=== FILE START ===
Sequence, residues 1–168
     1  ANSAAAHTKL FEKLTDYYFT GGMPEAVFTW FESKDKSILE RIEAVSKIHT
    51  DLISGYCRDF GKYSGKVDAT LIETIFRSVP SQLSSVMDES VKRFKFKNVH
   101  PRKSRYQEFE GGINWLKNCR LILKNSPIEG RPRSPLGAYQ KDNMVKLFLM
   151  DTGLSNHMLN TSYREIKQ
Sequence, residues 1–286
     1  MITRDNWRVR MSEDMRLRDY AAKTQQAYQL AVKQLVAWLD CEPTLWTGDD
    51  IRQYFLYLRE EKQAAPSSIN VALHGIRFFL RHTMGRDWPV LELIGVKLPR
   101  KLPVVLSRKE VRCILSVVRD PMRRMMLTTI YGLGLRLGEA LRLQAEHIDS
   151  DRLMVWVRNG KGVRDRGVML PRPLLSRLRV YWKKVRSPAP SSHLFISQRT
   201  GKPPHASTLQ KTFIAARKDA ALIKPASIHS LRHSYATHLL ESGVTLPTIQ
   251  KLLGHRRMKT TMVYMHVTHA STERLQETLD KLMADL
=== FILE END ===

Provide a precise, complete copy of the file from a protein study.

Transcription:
Sequence, residues 1–168
     1  ANSAAAHTKL FEKLTDYYFT GGMPEAVFTW FESKDKSILE RIEAVSKIHT
    51  DLISGYCRDF GKYSGKVDAT LIETIFRSVP SQLSSVMDES VKRFKFKNVH
   101  PRKSRYQEFE GGINWLKNCR LILKNSPIEG RPRSPLGAYQ KDNMVKLFLM
   151  DTGLSNHMLN TSYREIKQ
Sequence, residues 1–286
     1  MITRDNWRVR MSEDMRLRDY AAKTQQAYQL AVKQLVAWLD CEPTLWTGDD
    51  IRQYFLYLRE EKQAAPSSIN VALHGIRFFL RHTMGRDWPV LELIGVKLPR
   101  KLPVVLSRKE VRCILSVVRD PMRRMMLTTI YGLGLRLGEA LRLQAEHIDS
   151  DRLMVWVRNG KGVRDRGVML PRPLLSRLRV YWKKVRSPAP SSHLFISQRT
   201  GKPPHASTLQ KTFIAARKDA ALIKPASIHS LRHSYATHLL ESGVTLPTIQ
   251  KLLGHRRMKT TMVYMHVTHA STERLQETLD KLMADL